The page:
Unrelenting efforts by the anti-uranium mining lobbyists in South Africa have finally paid off, as the Australian company, Tasman Pacific Minerals Limited, announced that it is withdrawing all its mining rights applications lodged in the Western and Northern Cape and lodged new Mining Rights applications in the Western Cape limited to areas that are located within the original Eastern and Quaggasfontein Blocks.
Shedding light on the changes, a statement from Tasman said: “Overall, the area covered by Tasman’s new and existing mining right and prospecting right applications in the Western and Eastern Cape will reduce by almost 300 000 ha to approximately 465 000 ha.
Lobby group Southern African Faith Communities’ Environment Institute (Safcei) said it was pleased by Tasman’s decision.
“In essence, this announcement indicates that the current mining rights application is cut down to 12% of the original application. For this 12% (or 73 000 ha) a fresh Environmental Impact Assessment (EIA) process is to start all over again.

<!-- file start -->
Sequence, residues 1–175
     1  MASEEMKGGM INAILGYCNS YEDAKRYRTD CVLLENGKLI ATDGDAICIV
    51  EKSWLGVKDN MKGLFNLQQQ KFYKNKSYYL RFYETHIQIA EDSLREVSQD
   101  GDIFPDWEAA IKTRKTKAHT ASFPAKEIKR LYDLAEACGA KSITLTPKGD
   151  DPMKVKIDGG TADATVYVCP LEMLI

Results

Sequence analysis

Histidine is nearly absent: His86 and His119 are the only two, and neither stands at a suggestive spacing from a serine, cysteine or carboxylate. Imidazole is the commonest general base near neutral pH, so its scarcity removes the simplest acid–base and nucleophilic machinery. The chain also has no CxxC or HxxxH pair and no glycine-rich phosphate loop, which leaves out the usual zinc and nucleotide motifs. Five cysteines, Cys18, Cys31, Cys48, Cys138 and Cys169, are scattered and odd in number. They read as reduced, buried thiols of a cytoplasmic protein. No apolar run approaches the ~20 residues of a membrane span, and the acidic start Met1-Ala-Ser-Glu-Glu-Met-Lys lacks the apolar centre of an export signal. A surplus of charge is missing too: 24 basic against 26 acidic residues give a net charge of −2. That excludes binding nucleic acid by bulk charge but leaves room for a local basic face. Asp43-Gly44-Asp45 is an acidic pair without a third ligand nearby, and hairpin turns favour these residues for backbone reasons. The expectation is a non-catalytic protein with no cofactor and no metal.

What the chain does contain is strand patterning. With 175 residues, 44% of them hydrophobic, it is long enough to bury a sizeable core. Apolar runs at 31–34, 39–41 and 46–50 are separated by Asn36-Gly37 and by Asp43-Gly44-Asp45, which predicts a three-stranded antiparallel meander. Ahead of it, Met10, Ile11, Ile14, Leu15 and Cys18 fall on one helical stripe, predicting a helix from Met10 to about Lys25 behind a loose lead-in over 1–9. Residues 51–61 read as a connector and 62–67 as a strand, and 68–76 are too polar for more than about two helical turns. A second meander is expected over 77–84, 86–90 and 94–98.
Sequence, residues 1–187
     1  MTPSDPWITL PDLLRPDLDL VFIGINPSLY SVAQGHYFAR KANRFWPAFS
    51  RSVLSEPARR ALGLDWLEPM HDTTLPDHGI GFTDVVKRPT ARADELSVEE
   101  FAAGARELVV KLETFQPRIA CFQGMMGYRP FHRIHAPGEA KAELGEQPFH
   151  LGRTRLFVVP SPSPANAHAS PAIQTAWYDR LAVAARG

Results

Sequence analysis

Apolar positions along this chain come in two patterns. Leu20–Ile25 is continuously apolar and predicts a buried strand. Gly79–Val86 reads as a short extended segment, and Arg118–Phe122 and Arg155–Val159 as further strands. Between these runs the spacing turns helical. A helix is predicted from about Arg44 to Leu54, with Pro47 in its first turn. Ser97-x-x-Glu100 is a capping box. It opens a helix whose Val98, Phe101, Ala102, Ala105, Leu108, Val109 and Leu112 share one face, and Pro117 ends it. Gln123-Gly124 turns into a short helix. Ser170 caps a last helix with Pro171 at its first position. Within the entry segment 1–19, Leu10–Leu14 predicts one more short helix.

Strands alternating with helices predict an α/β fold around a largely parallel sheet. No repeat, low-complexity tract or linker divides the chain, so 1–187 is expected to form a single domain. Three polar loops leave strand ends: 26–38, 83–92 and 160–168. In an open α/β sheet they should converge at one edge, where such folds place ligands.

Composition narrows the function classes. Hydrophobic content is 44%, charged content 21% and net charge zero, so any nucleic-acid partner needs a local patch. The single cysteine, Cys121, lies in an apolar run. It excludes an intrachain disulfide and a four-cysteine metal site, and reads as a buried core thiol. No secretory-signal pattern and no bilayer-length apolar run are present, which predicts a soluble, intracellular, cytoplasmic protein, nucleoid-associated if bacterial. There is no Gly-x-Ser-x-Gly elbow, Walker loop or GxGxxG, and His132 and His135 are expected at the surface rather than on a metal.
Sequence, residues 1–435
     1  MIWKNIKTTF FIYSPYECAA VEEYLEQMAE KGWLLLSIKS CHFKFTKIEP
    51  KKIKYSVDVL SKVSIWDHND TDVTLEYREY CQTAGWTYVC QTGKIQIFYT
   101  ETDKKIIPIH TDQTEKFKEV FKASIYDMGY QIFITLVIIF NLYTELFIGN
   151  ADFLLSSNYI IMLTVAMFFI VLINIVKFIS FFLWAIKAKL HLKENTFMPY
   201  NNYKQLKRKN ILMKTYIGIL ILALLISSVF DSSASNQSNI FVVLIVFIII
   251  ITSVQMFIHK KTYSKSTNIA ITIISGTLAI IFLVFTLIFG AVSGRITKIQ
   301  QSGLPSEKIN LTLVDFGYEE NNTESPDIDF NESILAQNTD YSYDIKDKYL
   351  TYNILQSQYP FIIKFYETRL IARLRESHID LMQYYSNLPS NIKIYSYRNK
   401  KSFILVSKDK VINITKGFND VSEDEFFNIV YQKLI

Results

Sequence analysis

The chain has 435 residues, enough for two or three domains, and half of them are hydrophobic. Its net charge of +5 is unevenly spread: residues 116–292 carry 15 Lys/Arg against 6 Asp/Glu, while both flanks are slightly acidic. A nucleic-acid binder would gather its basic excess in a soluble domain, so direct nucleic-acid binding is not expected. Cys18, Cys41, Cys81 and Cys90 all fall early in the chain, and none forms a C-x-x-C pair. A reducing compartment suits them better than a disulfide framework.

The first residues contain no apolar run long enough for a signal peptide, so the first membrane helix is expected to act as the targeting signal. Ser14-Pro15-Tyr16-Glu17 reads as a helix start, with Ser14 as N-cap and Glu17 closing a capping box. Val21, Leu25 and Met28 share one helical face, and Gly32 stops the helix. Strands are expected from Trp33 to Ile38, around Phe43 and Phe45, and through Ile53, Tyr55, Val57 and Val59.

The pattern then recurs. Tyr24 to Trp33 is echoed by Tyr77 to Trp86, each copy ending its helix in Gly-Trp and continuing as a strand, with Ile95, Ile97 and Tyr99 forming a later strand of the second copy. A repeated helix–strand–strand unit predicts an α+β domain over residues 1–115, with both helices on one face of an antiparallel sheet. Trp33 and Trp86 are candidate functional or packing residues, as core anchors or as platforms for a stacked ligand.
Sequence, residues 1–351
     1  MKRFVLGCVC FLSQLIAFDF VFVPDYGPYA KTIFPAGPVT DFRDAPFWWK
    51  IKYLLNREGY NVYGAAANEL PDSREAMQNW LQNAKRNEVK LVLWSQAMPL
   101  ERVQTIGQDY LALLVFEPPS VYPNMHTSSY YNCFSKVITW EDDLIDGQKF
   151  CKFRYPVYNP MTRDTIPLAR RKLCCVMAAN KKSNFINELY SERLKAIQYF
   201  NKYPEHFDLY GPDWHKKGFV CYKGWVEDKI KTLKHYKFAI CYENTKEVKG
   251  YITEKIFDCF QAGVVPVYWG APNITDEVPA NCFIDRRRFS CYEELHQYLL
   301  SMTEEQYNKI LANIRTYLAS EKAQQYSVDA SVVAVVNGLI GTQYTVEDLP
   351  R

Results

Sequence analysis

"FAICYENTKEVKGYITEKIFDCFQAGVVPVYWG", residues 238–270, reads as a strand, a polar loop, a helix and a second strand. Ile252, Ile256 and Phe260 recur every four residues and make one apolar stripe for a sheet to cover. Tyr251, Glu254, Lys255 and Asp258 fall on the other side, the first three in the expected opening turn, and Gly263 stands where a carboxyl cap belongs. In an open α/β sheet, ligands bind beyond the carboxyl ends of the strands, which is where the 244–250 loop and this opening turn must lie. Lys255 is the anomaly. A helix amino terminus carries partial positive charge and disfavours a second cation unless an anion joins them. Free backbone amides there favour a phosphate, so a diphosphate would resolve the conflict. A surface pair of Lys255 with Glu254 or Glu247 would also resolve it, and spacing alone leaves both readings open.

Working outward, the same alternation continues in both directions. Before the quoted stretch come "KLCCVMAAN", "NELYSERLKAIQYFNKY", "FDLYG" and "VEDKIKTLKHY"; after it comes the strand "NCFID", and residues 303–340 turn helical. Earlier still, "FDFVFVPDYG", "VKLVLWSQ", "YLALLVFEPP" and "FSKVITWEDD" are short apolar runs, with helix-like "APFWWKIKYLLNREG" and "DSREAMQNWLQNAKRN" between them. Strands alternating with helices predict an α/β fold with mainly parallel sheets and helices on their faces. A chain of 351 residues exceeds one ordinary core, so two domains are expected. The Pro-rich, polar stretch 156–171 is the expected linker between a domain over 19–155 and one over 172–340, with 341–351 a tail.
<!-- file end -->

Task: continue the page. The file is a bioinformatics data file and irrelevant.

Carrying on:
“This is a wonderful victory for most people of the Karoo, the region’s environment, and indeed for the South African nation,” explained Safcei CEO, Ani Tsondru.
He added: “While the economics to mine Karoo uranium were questionable from the outset, the current large-scale withdrawal puts a stop to most plans of this disruptive industry, whose impacts would have been felt far beyond the Karoo.”